But other benefits of marriage to women are harder to find. The more common findings are ones like this British study from the Journal of Epidemiology and Community Health which finds that "single women have fewer mental health issues than their married counterparts. This study from Health Psychology found that women only get a health benefit from marriage when they have a happy marriage.

One of the problems with the research is that underlying personality and health factors may be driving both marriage and health. In other words, people with chronic physical or mental illnesses are less likely to get married, get education, and hold employment.

Anyway, while the battle continues, the human rights case for gay marriage, the legalization of polygamy and the creation of child-rearing and cohabitation contracts is clear. Also check out the Alternatives to Marriage Project (AtMP) which "advocates for equality and fairness for unmarried people, including people who choose not to marry, cannot marry, or live together before marriage."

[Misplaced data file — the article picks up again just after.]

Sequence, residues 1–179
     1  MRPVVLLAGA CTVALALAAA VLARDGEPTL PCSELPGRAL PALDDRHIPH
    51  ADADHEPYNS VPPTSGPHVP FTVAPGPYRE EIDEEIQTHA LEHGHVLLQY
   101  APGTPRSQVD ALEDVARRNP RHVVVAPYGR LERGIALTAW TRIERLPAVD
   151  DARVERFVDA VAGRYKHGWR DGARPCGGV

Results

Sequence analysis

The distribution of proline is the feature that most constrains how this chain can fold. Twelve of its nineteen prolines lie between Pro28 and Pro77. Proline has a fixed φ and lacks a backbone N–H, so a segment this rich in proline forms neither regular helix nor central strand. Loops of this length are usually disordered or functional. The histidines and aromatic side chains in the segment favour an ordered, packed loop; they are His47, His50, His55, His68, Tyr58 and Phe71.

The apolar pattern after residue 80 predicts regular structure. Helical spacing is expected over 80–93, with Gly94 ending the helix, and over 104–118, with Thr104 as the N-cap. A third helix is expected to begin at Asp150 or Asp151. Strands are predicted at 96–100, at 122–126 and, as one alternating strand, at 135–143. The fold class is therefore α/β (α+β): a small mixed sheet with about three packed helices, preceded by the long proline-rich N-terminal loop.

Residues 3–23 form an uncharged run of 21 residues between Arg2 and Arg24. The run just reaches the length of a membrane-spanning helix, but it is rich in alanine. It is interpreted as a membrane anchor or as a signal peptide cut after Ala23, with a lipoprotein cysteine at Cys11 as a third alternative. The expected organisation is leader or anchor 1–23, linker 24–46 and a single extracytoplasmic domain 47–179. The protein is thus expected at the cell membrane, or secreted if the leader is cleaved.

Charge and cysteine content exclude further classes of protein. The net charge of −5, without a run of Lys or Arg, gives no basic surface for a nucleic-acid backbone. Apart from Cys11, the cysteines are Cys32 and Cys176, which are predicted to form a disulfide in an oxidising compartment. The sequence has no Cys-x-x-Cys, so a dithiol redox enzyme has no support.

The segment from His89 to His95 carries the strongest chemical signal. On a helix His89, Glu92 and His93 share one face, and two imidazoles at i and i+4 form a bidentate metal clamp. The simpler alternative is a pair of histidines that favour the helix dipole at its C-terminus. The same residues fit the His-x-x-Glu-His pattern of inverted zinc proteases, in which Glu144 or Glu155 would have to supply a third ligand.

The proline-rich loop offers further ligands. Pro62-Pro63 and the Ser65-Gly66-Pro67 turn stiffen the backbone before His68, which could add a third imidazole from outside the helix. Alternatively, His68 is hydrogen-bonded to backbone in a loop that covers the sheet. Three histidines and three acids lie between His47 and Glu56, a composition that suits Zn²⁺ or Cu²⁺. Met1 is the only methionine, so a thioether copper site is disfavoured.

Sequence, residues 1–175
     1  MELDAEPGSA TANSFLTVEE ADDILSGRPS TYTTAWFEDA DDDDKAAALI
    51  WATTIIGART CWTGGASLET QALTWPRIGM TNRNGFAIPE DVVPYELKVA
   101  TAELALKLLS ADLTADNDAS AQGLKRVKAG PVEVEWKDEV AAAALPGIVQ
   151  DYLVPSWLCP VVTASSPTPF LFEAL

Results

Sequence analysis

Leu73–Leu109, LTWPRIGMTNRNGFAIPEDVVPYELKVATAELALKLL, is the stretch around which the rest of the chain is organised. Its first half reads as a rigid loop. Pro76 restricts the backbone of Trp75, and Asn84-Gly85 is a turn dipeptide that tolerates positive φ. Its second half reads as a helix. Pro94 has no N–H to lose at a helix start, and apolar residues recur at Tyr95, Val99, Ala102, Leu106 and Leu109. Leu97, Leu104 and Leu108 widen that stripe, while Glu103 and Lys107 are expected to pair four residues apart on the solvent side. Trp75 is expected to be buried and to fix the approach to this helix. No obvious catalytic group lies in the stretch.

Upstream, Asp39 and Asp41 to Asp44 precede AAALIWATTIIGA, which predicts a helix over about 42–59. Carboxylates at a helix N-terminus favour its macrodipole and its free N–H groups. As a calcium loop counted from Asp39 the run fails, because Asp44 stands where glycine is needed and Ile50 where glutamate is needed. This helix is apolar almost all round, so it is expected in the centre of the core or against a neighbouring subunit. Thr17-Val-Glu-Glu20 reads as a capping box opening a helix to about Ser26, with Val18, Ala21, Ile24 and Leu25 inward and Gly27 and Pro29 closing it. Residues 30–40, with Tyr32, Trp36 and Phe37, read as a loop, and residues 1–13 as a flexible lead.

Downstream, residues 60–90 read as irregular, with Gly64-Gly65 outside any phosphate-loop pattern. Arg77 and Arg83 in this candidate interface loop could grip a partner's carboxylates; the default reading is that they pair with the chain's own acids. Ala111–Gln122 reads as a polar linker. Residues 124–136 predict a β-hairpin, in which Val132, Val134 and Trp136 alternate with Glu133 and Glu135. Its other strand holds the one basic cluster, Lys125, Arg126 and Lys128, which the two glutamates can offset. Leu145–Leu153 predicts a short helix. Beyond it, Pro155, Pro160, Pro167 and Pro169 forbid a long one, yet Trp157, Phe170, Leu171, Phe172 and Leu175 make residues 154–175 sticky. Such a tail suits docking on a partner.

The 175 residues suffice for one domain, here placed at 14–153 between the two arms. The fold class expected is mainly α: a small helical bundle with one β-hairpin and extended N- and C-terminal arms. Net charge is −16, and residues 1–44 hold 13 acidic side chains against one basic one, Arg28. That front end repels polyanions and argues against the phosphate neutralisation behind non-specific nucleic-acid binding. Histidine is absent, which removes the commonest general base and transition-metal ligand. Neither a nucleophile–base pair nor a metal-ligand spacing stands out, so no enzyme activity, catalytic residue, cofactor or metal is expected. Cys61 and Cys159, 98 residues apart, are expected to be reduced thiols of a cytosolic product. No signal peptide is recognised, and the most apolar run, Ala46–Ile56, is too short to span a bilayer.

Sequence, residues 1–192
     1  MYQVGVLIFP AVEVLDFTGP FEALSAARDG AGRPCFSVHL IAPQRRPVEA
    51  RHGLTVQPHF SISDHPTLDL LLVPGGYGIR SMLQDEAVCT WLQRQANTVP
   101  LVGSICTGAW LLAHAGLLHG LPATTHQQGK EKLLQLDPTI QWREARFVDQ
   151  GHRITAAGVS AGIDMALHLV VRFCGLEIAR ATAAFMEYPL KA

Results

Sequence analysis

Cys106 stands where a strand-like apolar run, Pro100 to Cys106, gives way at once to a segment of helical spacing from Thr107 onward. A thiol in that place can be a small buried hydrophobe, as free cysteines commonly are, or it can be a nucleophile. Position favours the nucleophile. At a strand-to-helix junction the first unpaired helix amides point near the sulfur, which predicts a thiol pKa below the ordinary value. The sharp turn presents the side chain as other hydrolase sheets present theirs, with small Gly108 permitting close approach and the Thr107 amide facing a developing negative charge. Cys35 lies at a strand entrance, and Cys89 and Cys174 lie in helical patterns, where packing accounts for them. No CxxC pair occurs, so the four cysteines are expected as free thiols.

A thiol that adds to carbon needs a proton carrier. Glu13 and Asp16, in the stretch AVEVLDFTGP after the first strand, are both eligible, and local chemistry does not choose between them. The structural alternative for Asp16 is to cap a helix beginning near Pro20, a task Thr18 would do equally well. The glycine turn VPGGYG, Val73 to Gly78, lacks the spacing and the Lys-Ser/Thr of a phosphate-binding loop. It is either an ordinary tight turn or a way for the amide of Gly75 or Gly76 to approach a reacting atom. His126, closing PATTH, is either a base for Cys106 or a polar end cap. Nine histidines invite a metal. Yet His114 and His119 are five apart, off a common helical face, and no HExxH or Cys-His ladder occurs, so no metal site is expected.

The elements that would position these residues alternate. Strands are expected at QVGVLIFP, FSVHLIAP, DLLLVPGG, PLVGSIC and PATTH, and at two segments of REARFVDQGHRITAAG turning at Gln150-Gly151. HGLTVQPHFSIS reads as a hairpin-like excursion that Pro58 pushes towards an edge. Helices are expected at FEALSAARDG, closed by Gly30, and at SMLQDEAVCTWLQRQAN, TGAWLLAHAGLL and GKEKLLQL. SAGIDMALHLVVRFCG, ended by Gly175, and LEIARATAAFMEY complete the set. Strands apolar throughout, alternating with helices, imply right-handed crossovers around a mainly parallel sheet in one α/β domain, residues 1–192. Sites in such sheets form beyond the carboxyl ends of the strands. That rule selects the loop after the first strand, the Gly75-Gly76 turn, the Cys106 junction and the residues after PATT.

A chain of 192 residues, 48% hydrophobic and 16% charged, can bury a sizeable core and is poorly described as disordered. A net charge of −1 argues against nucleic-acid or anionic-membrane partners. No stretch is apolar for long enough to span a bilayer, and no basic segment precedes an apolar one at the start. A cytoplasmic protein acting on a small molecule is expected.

Transhuman Space

In the coming decades, technologies like genetic engineering, artificial intelligence, and nanotechnology will transform humanity. A strange new world is unfolding -- nightmarish to some, utopian to others. Soon we'll have the power to reshape our children's genes, build machines that think, and upload our minds into computers.
And Earth no longer confines us. Space tourism, mining the Moon and asteroids, a settlement on Mars: all are dreams poised to take wing. The universe of Transhuman Space is a synthesis of these two visions -- a world in which ultra-technology and space travel fuse to forge a new destiny for mankind. Neither utopia nor dystopia, it is a place of hopes, fears, and new frontiers.
I have not seen the book but from the description on the website it seems a good way to introduce young persons to these concepts.
It's the year 2100. Humans have colonized the solar system. China and America struggle for control of Mars. The Royal Navy patrols the asteroid belt. Nanotechnology has transformed life on Earth forever, and gene-enhanced humans share the world with artificial intelligences and robotic cybershells. Our solar system has become a setting as exciting and alien as any interstellar empire. Pirate spaceships hijacking black holes . . . sentient computers and artificial "bioroids" demanding human rights . . . nanotechnology and mind control . . . Transhuman Space is cutting-edge science fiction adventure that begins where cyberpunk ends.